By 2007, only 25,000 people worked in the few remaining mills. In recent years, the mills have been extensively redeveloped, many becoming discothèques; the Kohinoor Mills in Dadar were bought for ₹4.21 billion by Matoshree Realtors and Kohinoor Consolidated Transport Network Ltd. companies which were floated by Raj Thackeray and Manohar Joshi respectively. Phoenix mills, Parel was converted into a "luxury mall". In 2005, the government-owned National Textile Corporation auctioned five mills, covering 600 acres, for ₹20.2 billion. In February 2009, the NTC decided to auction another nine mills, covering an area of 90 acres, for about ₹40 billion; the Shrinivas Mills of Lalbaug, covering 16 acres, are being redeveloped into World One – Asia's tallest residential building. There are conservation efforts underway to preserve the old mills as museums; such a museum was opened at the United Mills in Lalbaug. A popular play, Cotten 54, Polyester 64, has been written, based on Neera Adarkar and Meena Menon's book, One hundred years, One hundred voices.
The Millworkers of Girangaon: An Oral History. A festival was organized by an NGO Pukar to celebrate the culture and people of Girangaon in November 2008. Seven mill structures were granted heritage protection status by the Government of Maharashtra; the 2010 film City of Gold, directed by Mahesh Manjrekar, explores the lives of jobless Girangaon mill workers in the 1980s. Redevelopment of Mumbai mills History of Mumbai D'Monte, Darryl. Mills for Sale. Mumbai, India: Marg Publications. ISBN 81-85026-77-7. Chandavarkar, Rajnarayan; the Origins of Industrial Capitalism in India. Cambridge: Cambridge University Press. ISBN 0-521-41496-2. Chandavarkar, Rajnarayan. Imperial power and popular politics. Cambridge University Press. ISBN 0-521-59692-0. Retrieved 2009-04-09; the Mumbai mill wo
Tulsi Lake is a fresh water lake in northern Mumbai. It supplies part of the city's potable water; this is one of the three lakes located in the Salsette Island. Both Tulsi lake and Vihar lake are located within the densely forested Sanjay Gandhi National Park or known popularly as the Borivali National Park. Tulsi Lake was built by damming the River Tasso, redirecting the flow to the nearby Vihar Lake. Rain water from the catchment area of 676 hectares of Powai-Kanheri hill ranges drains into the lake. During the rainy season the flood flows out flows into the Powai Lake and further down into the Mithi River; the maximum height of hill in the catchment is about 400 m. The southwest monsoon lasts till September; the maximum rainfall is recorded in the months of July and August. The mean annual rainfall is reported to be 2500 mm; the plan to create the lake was conceived in 1872 and construction completed 1897. It was designed as a backup for the Vihar Lake to supply portable drinking water to the city of Bombay.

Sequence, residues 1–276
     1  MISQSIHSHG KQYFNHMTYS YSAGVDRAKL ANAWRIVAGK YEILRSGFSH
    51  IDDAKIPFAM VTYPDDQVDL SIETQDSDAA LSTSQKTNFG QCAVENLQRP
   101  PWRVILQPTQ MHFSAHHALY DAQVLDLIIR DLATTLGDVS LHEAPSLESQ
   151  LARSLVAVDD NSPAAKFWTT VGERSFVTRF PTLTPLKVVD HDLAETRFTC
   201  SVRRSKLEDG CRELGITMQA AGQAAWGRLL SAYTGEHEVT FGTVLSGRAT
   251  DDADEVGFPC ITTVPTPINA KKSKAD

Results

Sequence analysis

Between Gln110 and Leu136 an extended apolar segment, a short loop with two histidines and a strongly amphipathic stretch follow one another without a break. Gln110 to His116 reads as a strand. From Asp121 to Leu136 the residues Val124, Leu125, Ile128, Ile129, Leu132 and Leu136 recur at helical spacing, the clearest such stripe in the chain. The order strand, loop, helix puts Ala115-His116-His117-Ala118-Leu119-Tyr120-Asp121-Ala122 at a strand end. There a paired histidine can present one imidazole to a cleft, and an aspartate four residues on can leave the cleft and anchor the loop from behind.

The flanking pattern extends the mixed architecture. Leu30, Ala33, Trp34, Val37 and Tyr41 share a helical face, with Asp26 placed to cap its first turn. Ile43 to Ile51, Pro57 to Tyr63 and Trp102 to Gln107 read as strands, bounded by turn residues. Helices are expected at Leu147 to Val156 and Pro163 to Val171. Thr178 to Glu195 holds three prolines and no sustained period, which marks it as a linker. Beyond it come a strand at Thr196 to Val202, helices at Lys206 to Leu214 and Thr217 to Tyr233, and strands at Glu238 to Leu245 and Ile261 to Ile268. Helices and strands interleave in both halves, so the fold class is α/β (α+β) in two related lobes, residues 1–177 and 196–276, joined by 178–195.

The lake has surface area of 1.35 km². The average water depth is reported to be 12 m with a gross storage at Full Supply Level of 2,294 million imperial gallons, out of which 4 million imperial gallons per day are supplied to Greater Mumbai; the highest overflow level, recorded at the dam is 139.17 m. This fresh water lake fulfills the water requirement of the southern part of Mumbai; the lake is located 32 km to the north of Mumbai by road. The nearest suburban electric train station is Borivli East on the Western Railways and is close to western express highway, with a further travel of 6 km from the station by road to the lake; the nearest Sahar International Airport is at a distance of about 20 km. As the lake is located inside the Sanjay Gandhi National Park, entry permits are to be obtained from the park authorities for visit to the lake; the vegetation on the hill slopes draining into the lake is thick and lush, undisturbed and of mixed moist deciduous type. The lake and its catchment are protected by the Brihanmumbai Municipal Corporation and Sanjay Gandhi National Park Authority.
As the lake is situated inside the Sanjay Gandhi National Park, the flora and fauna reported for the park would be relevant to the lake. However, fresh water crocodiles Mugger or Marsh crocodiles are known to inhabit the lake in sustainable numbers; as it is difficult to sight them in the lake, the park has set up a Crocodile Park’ to view the reptiles of different sizes Mumbai's water sources Vihar Lake Powai Lake Salsette Sanjay Gandhi National Park